Most glitch artists recognize the glitch as something broken and beautiful within our machine creations which rises to the surface, unless by intention, generally at a time when it is unanticipated and undesired. It is clear to me that the glitch speaks to our humanity, and its reflection within our creations. It recognizes a human quality - something generally regarded as untouchable by machines. It is an error, a sign that something has gone wrong, perhaps a reflection of our own human primal urges - our gut instincts and our unconscious frustrations.

Through methodological and phenomenological approaches alike, I explore a number of themes to which glitch can speak including our limitations of understanding, which we attempt to remedy by continually devising cleverer methods of compression and consolidation of data, the challenge of gender identity, and our means of communication, trade, and expression of ownership. I use a method of "incorrect editing" of files, and alter them to my own aesthetic preferences in a celebratory act which seeks ultimately to use glitch to find a medium between the information experience and the human experience, and a more honest understanding of our machine interactions in recognition of what we put into our technology.

Lincolnshire Poacher

Printed vinyl, wood, plastic, FM transmitter, radios, audio
2009
Artwork by [user-name]

“- Shortwave numbers stations are a social experiment being conducted by the aliens.
- Actually they are mostly tenticle-enlargement spam, but we don't have the proper char-set support yet. Hopefully this will be included in Vista.(1)”

Lincolnshire Poacher combines a number of my fascinations: Google maps, text, sound, nature, camouflage, humor(2), and enigma. Its subject is the most famous of the cold war era Number Stations(3): the similarly named Lincolnshire Poacher. The Lincolnshire Poacher broadcast for over 30 years always using the same format: the (sampled) voice of an English woman reading out sets of 5 digit numbers, prefaced by 10 repetitions of one set of 5 numbers and bookended by several bars of the English folk song “The Lincolnshire Poacher”. I am intrigued by Number Stations for a variety of reasons, particularly their reductivist use of text to pass secrets by the most public of methods.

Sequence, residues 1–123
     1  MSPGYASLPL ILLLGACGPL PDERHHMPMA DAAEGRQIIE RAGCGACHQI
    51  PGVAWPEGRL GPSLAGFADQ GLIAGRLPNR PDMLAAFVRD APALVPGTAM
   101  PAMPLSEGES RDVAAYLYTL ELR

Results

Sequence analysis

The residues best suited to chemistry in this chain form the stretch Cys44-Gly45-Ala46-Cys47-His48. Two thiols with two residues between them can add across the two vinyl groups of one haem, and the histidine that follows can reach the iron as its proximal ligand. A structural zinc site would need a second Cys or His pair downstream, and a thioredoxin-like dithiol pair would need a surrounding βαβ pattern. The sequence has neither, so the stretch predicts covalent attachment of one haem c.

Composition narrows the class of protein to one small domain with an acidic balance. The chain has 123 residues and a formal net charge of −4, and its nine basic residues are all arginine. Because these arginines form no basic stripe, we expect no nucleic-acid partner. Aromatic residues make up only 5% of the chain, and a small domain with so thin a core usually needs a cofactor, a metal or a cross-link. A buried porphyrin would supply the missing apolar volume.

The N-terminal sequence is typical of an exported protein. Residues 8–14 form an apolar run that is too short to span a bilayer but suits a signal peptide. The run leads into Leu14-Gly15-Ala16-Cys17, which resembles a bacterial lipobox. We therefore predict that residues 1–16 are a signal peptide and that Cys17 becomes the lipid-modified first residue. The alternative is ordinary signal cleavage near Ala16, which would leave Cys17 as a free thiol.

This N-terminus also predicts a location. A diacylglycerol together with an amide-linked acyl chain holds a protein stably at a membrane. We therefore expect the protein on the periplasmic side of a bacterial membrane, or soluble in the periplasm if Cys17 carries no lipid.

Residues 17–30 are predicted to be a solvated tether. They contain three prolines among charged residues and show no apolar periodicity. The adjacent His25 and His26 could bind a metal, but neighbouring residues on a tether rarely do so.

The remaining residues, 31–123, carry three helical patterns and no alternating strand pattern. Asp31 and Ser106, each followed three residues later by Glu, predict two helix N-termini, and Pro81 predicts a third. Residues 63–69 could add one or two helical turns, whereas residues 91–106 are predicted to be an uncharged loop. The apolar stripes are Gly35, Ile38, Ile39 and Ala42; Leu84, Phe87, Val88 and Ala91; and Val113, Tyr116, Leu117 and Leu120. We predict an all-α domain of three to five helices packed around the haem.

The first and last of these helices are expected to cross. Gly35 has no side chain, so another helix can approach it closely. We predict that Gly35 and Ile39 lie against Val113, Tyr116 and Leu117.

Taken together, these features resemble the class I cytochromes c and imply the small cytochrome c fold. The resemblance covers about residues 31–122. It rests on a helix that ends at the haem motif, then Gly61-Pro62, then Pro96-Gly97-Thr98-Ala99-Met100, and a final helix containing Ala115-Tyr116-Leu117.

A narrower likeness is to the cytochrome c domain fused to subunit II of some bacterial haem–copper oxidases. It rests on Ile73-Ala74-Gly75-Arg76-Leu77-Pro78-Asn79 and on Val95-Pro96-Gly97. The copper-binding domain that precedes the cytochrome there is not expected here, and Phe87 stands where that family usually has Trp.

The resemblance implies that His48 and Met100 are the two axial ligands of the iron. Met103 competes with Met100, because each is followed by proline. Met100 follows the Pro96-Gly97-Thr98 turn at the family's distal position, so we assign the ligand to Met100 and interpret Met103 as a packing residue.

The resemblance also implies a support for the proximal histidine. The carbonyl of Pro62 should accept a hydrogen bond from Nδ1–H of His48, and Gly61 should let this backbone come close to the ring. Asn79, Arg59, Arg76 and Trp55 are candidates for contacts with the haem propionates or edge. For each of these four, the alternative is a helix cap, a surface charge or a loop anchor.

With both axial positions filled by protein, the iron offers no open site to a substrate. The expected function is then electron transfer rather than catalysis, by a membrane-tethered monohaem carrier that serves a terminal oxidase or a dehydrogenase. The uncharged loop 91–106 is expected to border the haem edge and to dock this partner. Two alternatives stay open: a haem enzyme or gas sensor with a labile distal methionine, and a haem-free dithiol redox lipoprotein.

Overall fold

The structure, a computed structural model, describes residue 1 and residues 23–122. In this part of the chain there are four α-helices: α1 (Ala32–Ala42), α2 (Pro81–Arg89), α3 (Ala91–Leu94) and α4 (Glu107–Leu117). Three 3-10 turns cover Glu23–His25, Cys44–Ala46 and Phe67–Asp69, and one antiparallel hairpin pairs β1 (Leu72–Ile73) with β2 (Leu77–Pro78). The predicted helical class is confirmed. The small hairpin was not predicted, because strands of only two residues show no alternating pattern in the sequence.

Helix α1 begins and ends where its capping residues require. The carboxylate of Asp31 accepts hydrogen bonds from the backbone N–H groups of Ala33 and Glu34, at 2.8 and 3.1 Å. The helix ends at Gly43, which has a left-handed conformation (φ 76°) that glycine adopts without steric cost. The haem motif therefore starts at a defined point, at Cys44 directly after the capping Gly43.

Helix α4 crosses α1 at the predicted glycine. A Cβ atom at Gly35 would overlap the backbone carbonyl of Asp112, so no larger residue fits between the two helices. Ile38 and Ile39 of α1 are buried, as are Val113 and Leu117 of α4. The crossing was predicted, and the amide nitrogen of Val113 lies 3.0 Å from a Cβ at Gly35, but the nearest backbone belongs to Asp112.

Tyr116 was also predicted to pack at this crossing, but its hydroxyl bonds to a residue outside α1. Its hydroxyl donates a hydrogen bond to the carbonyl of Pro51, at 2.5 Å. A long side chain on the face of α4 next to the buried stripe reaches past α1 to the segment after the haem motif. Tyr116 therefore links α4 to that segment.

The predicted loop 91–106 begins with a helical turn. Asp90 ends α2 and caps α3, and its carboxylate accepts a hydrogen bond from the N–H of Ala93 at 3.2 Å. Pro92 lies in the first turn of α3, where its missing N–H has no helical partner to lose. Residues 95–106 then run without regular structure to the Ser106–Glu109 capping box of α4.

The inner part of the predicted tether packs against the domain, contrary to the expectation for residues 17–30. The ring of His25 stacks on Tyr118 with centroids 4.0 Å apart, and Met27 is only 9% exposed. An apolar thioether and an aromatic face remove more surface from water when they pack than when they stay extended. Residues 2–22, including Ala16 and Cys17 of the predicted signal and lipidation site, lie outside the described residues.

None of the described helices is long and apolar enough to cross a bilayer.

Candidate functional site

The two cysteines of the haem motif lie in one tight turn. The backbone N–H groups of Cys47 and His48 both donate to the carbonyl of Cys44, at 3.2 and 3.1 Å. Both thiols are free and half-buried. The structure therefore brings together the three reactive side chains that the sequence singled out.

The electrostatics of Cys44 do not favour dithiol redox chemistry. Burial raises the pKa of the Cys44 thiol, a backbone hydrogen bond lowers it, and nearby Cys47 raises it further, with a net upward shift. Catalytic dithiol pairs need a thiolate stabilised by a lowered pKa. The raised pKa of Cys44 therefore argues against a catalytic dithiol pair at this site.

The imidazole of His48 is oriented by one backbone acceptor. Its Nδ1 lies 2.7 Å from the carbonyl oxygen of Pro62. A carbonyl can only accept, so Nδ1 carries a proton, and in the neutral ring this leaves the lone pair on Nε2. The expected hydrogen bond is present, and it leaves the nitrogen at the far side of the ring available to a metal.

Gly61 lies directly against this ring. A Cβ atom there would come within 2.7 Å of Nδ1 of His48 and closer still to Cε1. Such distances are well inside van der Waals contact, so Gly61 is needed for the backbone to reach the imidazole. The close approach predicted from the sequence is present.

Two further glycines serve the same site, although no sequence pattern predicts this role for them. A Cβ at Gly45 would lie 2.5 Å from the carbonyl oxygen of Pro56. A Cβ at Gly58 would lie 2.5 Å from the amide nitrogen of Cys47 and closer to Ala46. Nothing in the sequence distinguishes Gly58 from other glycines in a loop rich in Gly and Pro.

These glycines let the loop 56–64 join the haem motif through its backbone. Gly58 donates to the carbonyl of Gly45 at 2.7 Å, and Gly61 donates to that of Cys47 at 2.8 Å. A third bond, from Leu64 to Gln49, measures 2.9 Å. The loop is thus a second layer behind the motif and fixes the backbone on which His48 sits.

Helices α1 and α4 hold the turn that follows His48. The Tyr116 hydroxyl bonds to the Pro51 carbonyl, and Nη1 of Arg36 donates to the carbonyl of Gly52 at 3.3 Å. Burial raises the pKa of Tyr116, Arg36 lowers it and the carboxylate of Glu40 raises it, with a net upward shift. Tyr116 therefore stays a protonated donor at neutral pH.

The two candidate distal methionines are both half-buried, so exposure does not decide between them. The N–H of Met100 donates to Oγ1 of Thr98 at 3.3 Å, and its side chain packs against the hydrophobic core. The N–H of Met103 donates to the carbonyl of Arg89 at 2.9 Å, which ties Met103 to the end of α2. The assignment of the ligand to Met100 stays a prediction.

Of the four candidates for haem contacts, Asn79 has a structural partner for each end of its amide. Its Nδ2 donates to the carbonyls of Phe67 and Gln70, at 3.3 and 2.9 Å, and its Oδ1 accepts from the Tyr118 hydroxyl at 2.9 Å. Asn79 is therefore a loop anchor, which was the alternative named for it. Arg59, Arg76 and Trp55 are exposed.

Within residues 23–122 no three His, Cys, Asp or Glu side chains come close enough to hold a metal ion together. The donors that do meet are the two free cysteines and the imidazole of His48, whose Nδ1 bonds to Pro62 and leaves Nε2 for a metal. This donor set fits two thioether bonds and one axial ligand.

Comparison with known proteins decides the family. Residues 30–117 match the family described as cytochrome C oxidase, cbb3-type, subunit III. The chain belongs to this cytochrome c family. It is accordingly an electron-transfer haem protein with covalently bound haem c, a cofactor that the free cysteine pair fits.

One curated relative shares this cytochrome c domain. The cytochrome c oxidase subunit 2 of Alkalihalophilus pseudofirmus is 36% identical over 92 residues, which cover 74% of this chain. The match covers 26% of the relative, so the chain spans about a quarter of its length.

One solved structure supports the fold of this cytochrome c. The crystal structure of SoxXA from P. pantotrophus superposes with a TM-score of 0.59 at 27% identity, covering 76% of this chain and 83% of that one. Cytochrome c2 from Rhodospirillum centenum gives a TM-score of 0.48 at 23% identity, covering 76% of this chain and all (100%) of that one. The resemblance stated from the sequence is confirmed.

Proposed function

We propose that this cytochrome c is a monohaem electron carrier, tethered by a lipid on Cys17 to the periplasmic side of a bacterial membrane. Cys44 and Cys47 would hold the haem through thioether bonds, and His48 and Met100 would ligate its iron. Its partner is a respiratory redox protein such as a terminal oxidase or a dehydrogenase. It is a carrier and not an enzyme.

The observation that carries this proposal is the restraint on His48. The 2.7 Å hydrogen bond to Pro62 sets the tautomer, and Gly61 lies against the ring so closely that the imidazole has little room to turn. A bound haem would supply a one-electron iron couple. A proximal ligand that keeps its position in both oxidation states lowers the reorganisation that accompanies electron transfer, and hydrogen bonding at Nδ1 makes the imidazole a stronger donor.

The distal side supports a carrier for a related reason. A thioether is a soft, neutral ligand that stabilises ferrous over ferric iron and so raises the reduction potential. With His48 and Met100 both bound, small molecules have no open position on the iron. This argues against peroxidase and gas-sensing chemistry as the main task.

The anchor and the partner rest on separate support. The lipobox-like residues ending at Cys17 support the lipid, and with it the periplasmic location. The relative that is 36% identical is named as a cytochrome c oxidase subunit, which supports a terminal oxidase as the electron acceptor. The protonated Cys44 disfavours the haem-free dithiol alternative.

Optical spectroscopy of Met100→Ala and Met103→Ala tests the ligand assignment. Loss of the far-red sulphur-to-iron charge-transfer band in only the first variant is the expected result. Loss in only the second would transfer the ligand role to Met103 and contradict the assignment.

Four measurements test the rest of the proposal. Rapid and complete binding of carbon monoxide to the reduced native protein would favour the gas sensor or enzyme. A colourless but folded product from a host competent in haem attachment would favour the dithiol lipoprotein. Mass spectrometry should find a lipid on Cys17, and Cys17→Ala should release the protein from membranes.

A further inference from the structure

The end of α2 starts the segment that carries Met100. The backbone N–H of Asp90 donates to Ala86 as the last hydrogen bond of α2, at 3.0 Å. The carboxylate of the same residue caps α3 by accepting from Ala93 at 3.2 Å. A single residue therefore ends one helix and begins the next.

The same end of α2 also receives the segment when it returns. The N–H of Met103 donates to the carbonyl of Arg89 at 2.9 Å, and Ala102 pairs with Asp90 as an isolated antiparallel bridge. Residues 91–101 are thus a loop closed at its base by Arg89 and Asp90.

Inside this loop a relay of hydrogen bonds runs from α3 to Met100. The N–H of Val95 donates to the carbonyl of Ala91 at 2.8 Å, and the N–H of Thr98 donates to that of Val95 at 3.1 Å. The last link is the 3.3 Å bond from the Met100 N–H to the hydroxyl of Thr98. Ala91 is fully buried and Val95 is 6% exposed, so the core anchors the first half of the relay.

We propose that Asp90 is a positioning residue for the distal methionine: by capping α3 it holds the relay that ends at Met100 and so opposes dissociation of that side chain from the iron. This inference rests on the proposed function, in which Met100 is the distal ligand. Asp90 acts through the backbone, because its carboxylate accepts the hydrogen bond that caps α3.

The piece’s main element is a vector drawing based on the Google maps aerial photograph of Akrotiri, Cyprus: the presumed location of the Lincolnshire Poacher. An orange dot on the drawing marks the likely location of the station's transmitter believed to have been operated by the British Secret Intelligence Service. A series of additional orange dots within the exhibit lead to the location of a sound piece: a recreation of an actual broadcast by the Lincolnshire Poacher station made in October 2004.

I have been fascinated, if not obsessed, with Google maps for almost two years. The resulting undertakings are a reflection of my examinations of mimetic process, a sense of unrequited wanderlust, and a latent fondness for the cold war's quaintly stylized tropes of aggression: poisoned umbrellas tips, modems in the stratosphere(4), and Number Stations. A reflection of my own peripatetic history (I am a multinational and have travelled widely) Lincolnshire Poacher is simultaneously symptomatic of my rooted present. I am now an armchair traveler who indulges my yearnings through virtual wandering in forbidden spaces.

1 - Comments about an August 2006 article on Slashdot about VoIP Number Stations: http://it.slashdot.org/article.pl?sid=06/08/05/216229

2 - I was pleased to discover during the course of my research that there is a type of artisanal cheese named Lincolnshire Poacher.

3 - for additional information about number stations see http://en.wikipedia.org/wiki/Numbers_station

4 - sputnik